What is an EMA Checkpoint in Stable Diffusion and Do You Need It?

Have you wondered what an “EMA” weighted version of Stable Diffusion was for? Perhaps you’re trying to install the program, or you’re just curious because the strange term showed up in your readings. Well, in this article, I’ll give the easy-to-digest explanation for EMAs, what they do, and if you need them for your Stable Diffusion uses.

What is an EMA?

EMA stands for “exponential moving average”. An exponential moving average is a type of mathematical average taken from data where the most recent data points have more weight than older data points.

This is opposed to a simple moving average, where each data point is considered equally.

A good example of this is when moving averages are used in stock price analysis. A price on a given day is a data point. If you make an exponential moving average of the price for the last 90 days, then the prices that occurred most recently would have a greater impact on the calculation than the oldest prices. If it was a simple moving average, each price on each day would affect the calculation equally.

What do EMAs have to Do with AI Art Checkpoint Models?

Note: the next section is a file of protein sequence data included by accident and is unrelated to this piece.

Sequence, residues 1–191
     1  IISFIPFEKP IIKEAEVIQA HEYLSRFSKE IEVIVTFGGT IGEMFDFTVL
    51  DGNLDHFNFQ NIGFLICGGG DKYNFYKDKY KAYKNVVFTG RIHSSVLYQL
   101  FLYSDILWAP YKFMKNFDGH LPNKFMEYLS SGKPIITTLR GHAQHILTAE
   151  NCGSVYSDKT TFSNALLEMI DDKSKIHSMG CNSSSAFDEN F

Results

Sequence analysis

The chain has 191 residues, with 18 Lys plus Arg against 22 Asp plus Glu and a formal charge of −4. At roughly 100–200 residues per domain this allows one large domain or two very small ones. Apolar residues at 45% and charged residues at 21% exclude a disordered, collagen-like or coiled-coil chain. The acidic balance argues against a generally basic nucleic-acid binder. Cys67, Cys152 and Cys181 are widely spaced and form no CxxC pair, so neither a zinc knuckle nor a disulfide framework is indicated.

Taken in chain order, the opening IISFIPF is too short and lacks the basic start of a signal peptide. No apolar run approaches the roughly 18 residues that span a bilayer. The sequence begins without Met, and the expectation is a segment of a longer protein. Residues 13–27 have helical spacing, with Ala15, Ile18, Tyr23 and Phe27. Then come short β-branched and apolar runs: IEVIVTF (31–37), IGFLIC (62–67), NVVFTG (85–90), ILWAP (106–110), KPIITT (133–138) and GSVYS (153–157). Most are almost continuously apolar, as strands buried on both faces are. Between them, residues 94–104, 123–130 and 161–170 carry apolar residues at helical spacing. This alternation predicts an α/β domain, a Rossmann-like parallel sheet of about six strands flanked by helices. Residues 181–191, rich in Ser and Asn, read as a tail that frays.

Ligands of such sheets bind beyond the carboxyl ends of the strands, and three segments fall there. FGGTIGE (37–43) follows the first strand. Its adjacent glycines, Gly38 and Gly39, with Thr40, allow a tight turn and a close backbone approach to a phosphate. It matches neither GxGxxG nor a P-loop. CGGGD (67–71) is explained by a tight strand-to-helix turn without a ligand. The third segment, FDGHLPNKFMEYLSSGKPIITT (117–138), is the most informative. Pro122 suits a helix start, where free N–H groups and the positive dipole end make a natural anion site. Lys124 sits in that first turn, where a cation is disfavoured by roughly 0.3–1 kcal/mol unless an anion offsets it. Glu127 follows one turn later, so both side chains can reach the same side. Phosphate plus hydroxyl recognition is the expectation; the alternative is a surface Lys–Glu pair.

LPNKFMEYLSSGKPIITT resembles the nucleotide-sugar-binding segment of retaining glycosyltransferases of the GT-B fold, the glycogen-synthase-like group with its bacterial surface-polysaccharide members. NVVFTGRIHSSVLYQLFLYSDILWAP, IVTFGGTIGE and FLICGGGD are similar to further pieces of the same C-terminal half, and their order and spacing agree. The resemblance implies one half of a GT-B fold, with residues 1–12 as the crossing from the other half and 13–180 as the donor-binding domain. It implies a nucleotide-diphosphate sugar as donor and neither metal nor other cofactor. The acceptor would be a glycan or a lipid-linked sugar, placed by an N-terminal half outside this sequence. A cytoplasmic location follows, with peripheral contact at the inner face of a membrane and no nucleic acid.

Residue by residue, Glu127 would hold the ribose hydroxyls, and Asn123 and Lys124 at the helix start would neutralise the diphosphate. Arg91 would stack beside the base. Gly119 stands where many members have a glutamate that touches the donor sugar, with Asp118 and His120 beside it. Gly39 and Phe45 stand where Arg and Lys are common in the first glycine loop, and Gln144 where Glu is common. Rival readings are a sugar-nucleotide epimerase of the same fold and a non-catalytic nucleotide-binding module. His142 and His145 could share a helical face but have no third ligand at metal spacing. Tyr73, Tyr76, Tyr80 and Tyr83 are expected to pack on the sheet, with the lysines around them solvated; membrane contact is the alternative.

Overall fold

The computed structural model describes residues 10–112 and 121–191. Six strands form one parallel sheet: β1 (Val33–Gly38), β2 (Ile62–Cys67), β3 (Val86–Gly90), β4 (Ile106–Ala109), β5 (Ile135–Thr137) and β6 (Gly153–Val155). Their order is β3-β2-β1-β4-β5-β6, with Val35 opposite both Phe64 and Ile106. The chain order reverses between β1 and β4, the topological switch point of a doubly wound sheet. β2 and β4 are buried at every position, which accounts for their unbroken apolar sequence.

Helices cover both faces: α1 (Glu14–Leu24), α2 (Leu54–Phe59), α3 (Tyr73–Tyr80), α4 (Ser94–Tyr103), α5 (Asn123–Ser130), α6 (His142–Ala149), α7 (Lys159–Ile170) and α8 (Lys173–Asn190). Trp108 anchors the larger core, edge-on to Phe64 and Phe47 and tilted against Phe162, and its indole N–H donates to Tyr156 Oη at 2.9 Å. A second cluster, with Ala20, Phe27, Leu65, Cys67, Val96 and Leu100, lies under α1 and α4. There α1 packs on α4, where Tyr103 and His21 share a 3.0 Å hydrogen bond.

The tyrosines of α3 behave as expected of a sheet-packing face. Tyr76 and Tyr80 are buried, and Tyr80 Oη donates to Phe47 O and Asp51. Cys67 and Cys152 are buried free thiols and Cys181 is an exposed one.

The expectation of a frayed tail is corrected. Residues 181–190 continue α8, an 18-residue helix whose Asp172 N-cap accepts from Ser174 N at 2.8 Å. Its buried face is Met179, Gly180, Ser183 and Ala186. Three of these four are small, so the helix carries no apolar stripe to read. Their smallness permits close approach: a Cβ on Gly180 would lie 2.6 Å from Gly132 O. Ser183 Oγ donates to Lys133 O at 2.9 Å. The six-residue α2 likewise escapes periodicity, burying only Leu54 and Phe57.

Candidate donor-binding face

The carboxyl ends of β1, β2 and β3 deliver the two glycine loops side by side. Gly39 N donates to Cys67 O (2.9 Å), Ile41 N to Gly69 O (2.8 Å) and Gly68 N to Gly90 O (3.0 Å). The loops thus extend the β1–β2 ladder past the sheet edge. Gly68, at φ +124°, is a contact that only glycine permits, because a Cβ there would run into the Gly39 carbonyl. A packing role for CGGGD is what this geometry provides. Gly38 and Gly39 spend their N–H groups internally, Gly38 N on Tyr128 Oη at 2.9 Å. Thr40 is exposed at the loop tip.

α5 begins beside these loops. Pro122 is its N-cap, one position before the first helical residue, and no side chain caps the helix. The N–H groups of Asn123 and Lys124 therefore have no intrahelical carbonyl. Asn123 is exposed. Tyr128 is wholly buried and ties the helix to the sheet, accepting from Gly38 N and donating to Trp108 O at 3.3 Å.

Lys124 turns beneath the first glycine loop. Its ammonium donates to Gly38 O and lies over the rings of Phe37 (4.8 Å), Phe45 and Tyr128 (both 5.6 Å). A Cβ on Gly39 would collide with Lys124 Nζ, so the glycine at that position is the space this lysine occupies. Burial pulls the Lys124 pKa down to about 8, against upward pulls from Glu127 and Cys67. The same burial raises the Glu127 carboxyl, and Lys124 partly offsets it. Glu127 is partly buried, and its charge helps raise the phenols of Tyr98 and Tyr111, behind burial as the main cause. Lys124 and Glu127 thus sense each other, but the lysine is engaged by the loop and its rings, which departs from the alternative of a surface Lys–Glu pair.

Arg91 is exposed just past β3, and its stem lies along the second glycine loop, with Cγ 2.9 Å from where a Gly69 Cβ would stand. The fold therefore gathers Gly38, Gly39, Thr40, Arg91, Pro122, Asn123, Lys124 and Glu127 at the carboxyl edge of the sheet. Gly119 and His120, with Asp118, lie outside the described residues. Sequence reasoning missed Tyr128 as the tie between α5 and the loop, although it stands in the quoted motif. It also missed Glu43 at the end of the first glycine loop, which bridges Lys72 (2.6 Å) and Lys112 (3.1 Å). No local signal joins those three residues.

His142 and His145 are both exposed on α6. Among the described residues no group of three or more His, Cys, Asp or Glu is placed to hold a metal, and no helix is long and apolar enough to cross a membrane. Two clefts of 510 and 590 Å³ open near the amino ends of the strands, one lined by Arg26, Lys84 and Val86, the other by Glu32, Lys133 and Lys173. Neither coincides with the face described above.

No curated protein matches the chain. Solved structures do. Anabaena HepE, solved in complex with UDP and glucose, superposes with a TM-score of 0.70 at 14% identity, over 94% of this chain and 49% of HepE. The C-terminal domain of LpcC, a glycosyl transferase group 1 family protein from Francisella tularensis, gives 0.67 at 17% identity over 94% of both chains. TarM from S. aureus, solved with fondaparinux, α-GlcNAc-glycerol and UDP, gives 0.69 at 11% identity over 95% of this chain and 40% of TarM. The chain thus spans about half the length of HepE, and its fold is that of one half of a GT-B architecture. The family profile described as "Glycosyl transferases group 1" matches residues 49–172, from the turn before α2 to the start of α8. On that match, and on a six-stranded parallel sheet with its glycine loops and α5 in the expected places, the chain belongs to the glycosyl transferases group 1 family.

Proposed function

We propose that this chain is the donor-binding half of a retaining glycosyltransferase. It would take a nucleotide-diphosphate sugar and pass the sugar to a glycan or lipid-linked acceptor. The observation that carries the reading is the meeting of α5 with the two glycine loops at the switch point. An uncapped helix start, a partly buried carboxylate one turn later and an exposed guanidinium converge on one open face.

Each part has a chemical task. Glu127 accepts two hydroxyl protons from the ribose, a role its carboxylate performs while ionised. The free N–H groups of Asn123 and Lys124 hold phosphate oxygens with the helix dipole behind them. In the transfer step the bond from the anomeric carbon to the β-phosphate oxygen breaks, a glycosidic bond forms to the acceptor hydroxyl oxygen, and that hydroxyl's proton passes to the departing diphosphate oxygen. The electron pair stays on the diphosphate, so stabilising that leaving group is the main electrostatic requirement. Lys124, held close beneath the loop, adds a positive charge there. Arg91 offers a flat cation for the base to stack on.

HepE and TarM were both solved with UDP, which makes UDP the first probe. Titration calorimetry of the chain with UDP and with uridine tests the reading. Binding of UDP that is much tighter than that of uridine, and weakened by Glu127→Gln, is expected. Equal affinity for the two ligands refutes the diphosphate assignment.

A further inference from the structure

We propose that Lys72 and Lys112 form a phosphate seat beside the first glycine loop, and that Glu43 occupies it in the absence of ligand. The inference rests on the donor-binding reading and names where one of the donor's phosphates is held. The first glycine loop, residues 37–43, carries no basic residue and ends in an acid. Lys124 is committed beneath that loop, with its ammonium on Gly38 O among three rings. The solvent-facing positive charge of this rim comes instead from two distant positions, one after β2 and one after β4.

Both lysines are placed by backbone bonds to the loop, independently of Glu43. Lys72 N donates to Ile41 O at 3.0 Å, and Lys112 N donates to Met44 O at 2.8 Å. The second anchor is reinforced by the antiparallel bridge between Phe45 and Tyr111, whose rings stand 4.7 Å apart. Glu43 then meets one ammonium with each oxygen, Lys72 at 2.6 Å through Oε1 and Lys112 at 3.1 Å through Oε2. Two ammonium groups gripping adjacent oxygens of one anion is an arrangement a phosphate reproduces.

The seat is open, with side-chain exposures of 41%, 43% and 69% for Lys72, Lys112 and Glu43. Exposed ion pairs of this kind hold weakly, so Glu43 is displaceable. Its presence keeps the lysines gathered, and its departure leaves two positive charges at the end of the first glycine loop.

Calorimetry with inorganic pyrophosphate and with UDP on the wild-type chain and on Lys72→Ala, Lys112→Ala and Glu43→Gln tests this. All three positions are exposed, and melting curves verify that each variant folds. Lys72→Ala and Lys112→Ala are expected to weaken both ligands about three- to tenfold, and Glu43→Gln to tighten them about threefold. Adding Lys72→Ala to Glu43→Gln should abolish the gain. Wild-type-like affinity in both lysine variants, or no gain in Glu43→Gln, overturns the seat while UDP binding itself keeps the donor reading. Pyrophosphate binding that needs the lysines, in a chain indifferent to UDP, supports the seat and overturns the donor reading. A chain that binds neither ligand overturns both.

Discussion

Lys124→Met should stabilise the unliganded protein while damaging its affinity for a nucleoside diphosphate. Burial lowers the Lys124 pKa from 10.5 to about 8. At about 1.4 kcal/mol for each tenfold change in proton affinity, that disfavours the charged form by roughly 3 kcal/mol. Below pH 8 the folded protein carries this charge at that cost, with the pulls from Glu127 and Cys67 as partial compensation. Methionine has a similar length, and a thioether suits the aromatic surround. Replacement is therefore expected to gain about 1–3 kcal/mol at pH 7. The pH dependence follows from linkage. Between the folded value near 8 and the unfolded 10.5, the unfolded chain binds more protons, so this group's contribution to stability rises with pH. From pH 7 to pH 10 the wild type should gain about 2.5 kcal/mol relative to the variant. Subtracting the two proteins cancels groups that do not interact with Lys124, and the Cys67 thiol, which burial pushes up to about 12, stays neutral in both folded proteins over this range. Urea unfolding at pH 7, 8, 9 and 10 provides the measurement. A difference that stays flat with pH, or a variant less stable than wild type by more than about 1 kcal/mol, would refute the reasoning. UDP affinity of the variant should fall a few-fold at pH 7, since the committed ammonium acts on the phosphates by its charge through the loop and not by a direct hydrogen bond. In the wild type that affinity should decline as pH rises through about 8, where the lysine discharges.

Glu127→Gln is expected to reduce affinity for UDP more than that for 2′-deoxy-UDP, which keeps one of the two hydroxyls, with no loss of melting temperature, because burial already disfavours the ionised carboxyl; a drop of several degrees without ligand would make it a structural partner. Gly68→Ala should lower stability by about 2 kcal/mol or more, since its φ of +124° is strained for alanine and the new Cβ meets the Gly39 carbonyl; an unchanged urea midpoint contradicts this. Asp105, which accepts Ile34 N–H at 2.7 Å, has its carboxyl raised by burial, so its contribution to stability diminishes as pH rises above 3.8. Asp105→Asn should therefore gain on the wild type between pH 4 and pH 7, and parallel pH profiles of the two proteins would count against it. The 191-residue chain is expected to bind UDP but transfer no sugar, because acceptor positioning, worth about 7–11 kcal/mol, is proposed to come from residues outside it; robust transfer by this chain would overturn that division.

So how does this relate to AI art? Stable Diffusion models are trained on large datasets and the EMA is used to smooth out the AI’s parameters during training. After each step of training that the model does, an EMA equation is applied before it moves to the next step. This simply increases the performance of the process.

In short, what is an EMA for AI art makers who aren’t mathematicians or data scientists? It’s just a smoothing refinement that improves overall performance of the AI model during training.

What is an EMA Model Used For?

Stable Diffusion offers an EMA checkpoint file and a non-ema checkpoint file. The EMA version is used for training (if you want to make a custom model). The Non-EMA version is used for inference…that is, generating images with Stable Diffusion.

Do I need an EMA Checkpoint Model?

No, you do not need an EMA model if you’re just generating AI art pictures. You only need it if you plan on fine-tuning a custom model for Stable Diffusion.

So if you’re installing Stable Diffusion on your computer only for making images from the pre-trained model, you can save yourself about 3 gigabytes of disk space by just downloading the smaller, non-EMA version of Stable Diffusion.


I hope this cleared up any confusion you may have felt on the subject. If you found this article helpful, here are a few more topics that may interest you: